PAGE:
Many foreign-born workers, especially those with limited English skills, typically take lower skill occupations. As oversight of hiring has become more rigorous, a lot of the undocumented labor “just self-selected themselves out,” Rieder said.
Tighter labor means higher pay and costs for companies. That translates to prices, Dunham said.
“Costs are going to be higher … sometimes you just have to pay overtime to get a project done.”
Several studies have shown that H-1B visas – used for tech workers and scientists – dampened wages by several percentage points for similar U.S.-born workers.
But the argument for the economic benefit is also strong: nearly half of the U.S. innovators responsible for America’s “most consequential innovations” are immigrants or children of immigrants, according to the Information Technology and Innovation Foundation.
Historically, America’s attitude toward immigration has been erratic. In some eras, immigrants poured in; other times, the gates nearly closed.
The current debate spotlights both ends: At the low-skill end are workers – largely from Latin America – who take jobs in the fields, construction sites, hotels and restaurants. At the other are those with degrees, typically from India, China or Europe, who often staff software and healthcare jobs.
Critics say both types threaten American jobs and wages. Businesses generally argue that they are needed.
Foreign-born workers are already a significant part of the picture, said Wesley Tharpe, research director at the Georgia Budget and Policy Institute.
A 2015 report from the GBPI showed 26 percent of the state’s software developers and 23 percent of doctors were immigrants. There were no precise numbers for laborers and service workers, but that is where most foreign-born workers are, he said.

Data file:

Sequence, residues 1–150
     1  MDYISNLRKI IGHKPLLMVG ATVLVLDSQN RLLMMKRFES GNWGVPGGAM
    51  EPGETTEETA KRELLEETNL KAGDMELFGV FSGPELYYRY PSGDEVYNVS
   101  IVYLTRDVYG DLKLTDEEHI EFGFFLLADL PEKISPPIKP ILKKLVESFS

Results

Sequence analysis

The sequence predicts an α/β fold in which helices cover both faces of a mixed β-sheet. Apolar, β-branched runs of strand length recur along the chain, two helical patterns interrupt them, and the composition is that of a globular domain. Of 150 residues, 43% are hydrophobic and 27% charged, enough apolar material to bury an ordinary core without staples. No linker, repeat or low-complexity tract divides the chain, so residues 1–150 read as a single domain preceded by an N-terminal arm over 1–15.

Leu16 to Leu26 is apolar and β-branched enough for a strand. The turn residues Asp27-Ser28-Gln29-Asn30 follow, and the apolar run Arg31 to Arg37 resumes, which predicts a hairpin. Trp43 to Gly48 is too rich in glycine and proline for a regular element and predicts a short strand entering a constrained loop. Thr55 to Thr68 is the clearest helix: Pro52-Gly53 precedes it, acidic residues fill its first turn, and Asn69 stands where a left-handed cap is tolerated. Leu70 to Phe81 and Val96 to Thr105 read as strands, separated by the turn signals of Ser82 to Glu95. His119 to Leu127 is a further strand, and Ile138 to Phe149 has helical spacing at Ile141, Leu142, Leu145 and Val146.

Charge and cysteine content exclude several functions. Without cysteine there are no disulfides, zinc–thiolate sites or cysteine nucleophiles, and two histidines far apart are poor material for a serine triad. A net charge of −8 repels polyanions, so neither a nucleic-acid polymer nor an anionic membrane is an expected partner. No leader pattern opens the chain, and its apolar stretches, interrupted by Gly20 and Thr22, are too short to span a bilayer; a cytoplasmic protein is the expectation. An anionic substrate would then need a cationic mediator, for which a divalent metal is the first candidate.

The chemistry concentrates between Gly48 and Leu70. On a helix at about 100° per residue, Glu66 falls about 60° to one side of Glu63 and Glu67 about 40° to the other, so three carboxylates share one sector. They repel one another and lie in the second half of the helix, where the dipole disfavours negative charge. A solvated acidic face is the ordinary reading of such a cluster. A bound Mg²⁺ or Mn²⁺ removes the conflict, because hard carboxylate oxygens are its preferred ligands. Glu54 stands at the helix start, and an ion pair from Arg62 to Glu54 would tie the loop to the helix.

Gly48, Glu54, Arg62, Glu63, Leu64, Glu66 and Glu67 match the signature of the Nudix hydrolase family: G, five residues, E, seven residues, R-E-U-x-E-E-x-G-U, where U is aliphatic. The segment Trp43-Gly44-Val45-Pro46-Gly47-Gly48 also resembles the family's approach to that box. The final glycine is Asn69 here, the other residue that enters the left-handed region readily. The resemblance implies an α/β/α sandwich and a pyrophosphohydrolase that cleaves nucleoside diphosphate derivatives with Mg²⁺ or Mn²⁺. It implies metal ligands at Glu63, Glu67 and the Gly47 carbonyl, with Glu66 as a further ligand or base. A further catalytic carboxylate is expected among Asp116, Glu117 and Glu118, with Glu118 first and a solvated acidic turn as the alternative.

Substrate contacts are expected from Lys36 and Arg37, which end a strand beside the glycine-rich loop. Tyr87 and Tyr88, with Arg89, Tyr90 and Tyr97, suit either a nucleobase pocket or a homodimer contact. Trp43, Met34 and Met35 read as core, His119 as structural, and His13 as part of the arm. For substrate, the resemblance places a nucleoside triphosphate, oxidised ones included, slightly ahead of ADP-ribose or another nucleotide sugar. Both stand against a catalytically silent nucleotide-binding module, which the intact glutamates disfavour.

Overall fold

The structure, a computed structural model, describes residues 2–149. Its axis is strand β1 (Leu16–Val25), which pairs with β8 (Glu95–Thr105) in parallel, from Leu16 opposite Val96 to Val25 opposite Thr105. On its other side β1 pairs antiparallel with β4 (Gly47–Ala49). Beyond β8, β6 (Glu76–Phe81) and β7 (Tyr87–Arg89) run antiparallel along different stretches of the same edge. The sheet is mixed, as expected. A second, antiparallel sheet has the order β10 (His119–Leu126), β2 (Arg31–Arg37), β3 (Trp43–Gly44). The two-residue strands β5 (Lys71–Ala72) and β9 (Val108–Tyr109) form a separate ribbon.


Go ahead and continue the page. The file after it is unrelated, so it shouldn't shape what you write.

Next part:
“They are filling both the higher skill occupations as well as the low-skilled frontline jobs, doing day-to-day work that makes the economy run,” Tharpe said.
Rajeev Dhawan, director of the Economic Forecasting Center at Georgia State University, said less immigration pushes up wages and costs in the short run, but spurs more automation as time passes.
“Artificial intelligence and automation are going to grow leaps and bounds,” he said. “You can still have higher growth if you have intensive use of capital.”
However, not everything can be done by machine, Dhawan said.
“If the price goes up, maybe it’s time for hotel guests to make their own beds. And who is going to pick up the produce in the field?”
Georgia’s foreign-born population:
1990: 2.7 percent
2000: 7.1 percent
2013: 9.7 percent
Share of Georgia workers who are immigrants:
13 percent (2013)
Share of workers who are unauthorized immigrants:
7 percent (2012)
Current immigration to U.S., legal and illegal:
about 1 million per year (0.3 percent of U.S. population)
*Age 25 and older
Source: Census Bureau, American Immigration Council, Bureau of Economic Analysis
Immigration’s effect on wages of U.S.-born workers, 1990-2010
Immigration has a mix of effects. More spending means more demand for some jobs, but new workers add competiton for other kinds of positions. Research shows immigrants put downward pressure on American wages at the top and bottom of the skills scale, while boosting those in the middle.
People with no degree -1.7 percent
High school degree +0.9 percent
Some college +1.2 percent
Bachelor’s degree +0.5 percent
Graduate or professional degree -0.1 percent
Source: study by George Borjas, Kennedy School at Harvard University